Dress-up Clothes Organizer




Introduction: Dress-up Clothes Organizer

This instructable will guide you through the steps to make the dress up organizer shown here.  If your kids like to play dress up, but you don't like to have the clothes and all of the accessories scattered around the house then you will want keep reading.

Drill and Drill Bits
Wood Saw (Miter or Manual)
Jig Saw
Hammer (Brad nail gun will save some time)
Framing square
Tape Measure
Sand paper

(3) 1/4" x  2' x 4' Sheets of Plywood - Or enough to make all of the pieces.  These worked good for me because I don't have a truck to haul full sheets of plywood.

(2) 1" x 2" x 6' Pine boards

(1) 7/8" x 4' Wooden Dowel - Mine was poplar wood

1-1/2" wood screws

3/4" x 18 gauge brad nails - Or similar finishing nails if you don't have a nail gun

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Step 1: Cut the Panels

If you are using a jig saw like me you can setup a guide, using one of the 1" x 2" x 6' boards, to help you make a straight cut.  First, measure from the edge of the saw base that will be against the guide to the blade (see Picture 2).  Let's say this dimension is 1-1/2".  Then, clamp your guide board to the plywood and add or subtract the 1-1/2" dimension depending on what side of the guide you are cutting.

You will need to cut the following size panels from the 1/4" plywood:
- (3) 1' x 3' Panels
- (2) 1' x 4' Panels

If you are using the same size materials from the material list 1/4" x 2' x 4' panels you can make the following cuts:
-- Cut 1' off of the 4' length on two of the 2' x 4' panels. This will leave you with two 2' x 3' panels.  Then cut each of the two panels in half so that you have four 1' x 3' panels, one of which will be extra.

-- Cut the third 2' x 4' panel in half to get the two 1' x 4' vertical panels.

Remember the old saying -- "Measure twice, cut once"

Step 2: Round-off the Top of the Vertical Panels

Make a mark on the 1' x 4' boards for the center of the arc.  The mark is in the middle of the board and the same distance from the top.  So, if the board is exactly 12" the mark would be 6" from the top and 6" from the side.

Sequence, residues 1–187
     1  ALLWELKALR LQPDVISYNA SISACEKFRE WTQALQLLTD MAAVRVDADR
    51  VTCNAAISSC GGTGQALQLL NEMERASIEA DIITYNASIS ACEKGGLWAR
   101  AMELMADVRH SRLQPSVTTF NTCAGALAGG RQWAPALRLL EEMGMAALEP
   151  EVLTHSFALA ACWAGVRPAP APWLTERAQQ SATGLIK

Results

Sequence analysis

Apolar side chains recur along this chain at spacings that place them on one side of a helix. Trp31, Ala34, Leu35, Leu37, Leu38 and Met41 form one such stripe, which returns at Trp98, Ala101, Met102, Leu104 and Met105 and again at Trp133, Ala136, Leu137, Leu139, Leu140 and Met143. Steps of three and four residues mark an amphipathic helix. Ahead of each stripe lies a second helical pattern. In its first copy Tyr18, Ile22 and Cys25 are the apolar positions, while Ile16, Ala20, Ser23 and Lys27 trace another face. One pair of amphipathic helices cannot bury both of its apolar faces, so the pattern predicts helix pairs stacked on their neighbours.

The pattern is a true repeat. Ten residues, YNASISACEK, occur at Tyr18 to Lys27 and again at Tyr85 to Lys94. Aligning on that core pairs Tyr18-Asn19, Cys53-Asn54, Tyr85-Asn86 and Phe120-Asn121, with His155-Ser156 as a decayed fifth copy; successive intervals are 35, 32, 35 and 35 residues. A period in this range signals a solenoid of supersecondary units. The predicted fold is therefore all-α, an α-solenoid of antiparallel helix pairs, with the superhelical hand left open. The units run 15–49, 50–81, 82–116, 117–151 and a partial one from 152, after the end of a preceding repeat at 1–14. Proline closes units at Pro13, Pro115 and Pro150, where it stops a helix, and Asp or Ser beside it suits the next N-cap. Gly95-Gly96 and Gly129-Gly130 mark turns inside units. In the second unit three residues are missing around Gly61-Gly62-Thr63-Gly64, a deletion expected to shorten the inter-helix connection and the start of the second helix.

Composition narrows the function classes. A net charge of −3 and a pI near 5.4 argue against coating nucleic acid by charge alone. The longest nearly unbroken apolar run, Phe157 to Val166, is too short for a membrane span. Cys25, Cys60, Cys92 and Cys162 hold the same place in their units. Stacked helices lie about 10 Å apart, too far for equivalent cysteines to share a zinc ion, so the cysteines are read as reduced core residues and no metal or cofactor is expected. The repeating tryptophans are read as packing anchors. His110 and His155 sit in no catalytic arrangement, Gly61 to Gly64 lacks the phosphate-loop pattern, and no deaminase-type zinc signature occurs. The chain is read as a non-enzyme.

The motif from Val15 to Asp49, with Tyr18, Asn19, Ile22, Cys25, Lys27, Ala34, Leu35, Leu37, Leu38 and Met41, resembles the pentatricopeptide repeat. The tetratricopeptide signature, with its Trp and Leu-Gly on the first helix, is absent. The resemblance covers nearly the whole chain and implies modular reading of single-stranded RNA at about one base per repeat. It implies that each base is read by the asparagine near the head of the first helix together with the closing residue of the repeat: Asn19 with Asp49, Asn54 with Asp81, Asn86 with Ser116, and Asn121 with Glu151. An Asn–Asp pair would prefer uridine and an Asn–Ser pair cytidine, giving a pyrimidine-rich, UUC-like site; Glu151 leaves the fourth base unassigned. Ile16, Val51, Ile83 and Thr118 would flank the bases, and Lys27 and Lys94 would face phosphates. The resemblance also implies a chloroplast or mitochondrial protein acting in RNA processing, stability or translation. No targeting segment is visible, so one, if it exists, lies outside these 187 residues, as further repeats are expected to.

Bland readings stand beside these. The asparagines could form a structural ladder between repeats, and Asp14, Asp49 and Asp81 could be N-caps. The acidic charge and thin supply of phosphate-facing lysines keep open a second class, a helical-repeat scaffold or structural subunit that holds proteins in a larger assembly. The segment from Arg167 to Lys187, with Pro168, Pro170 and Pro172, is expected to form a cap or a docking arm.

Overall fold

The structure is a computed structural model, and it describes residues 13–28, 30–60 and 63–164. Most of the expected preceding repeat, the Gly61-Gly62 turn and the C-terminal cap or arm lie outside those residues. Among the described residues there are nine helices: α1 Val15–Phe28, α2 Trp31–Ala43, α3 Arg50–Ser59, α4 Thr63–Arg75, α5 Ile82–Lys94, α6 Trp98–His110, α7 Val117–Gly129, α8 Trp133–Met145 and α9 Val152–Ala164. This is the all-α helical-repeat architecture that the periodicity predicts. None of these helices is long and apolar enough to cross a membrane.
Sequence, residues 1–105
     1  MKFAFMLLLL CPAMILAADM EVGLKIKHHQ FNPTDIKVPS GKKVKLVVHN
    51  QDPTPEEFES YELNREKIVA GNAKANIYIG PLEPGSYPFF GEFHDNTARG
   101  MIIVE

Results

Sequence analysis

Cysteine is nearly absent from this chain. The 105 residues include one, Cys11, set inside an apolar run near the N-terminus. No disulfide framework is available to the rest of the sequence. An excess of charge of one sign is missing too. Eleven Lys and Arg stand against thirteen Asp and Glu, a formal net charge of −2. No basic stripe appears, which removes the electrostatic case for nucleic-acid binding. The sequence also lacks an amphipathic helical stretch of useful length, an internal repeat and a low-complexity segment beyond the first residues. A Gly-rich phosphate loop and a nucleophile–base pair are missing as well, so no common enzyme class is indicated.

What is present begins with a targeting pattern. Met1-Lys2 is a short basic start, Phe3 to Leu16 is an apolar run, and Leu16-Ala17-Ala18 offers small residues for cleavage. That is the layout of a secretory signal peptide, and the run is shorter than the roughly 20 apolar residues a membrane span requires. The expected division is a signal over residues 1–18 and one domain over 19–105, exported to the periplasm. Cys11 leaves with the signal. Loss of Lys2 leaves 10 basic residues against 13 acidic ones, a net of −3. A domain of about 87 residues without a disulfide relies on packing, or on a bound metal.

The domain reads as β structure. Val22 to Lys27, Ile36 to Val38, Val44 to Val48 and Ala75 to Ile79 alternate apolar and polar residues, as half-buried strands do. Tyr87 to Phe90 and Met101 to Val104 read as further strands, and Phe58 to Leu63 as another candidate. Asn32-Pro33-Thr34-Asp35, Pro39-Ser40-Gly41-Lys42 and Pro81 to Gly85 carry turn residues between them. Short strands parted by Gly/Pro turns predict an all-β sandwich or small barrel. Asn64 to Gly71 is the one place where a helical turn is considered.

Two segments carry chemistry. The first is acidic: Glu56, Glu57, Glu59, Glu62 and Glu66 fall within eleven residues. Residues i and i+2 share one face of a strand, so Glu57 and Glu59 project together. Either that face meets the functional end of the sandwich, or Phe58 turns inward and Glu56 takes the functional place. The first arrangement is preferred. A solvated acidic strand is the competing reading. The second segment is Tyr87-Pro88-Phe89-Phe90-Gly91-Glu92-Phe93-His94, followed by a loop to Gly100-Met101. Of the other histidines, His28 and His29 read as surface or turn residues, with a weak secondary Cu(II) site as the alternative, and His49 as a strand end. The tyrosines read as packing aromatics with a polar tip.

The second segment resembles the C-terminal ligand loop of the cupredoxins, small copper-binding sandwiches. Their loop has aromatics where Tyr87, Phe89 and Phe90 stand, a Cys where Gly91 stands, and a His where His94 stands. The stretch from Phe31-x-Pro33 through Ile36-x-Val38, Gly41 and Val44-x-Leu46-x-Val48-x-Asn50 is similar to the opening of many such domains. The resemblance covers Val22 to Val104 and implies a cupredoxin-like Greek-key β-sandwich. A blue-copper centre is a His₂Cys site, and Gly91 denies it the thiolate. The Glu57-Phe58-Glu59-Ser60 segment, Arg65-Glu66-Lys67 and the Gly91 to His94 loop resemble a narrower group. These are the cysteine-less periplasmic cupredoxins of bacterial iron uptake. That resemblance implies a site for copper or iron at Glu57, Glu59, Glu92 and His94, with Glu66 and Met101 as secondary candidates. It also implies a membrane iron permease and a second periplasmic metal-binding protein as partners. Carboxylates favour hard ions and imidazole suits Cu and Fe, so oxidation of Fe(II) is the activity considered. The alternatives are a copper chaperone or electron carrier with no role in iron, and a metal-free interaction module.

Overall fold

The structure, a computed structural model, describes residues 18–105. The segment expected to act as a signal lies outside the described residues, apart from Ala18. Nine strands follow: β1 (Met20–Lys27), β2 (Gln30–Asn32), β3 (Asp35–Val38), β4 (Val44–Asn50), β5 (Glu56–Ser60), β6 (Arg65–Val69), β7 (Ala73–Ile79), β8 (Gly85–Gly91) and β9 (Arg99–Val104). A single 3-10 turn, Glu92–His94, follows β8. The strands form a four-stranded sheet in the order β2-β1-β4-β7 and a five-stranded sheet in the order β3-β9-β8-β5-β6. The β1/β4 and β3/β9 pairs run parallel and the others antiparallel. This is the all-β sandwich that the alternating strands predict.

On a scrap board mark out two locations that are the same distance apart as the radius of the arc measured above.

Find a bolt from your hardware jar that is long enough to fit through both the scrap board and the panel.  Drill a hole in the panel at the marked location and in one of the marked locations on the scrap board just large enough for the bolt to fit thru.  In the second location on the scrap board drill a hole just large enough for your pencil.  Attach your scrap board to the panel, insert your pencil and draw the arc at the top of the panel as seen in the second picture.

Cut out the arc with your jig saw.

Step 3: Build the Frame

The frame is simply 4 pieces of 1" x 2" that will provide a surface to nail the panels to as well as some structure for the base.  Performing this step after you cut the panels will give you a chance to adjust the frame dimensions according to the actual dimensions of the panels so that the panels will fit together nice and tight.  Pay close attention to the first picture and how the joints are laid out.  Be sure to either follow this method or draw out how you want your joints to line up so that you have a reference throughout the cutting process.

Determine the length you will need for piece 1 and 3 as shown in the first picture - let's call this "c"
Measure the actual dimension of the panel along piece 1 on the left hand side - let's call this "a"
Measure the actual dimension of the 1" side of the 1" x  2" board - let's call this "b"

c = a - (2 x b) - 1/2"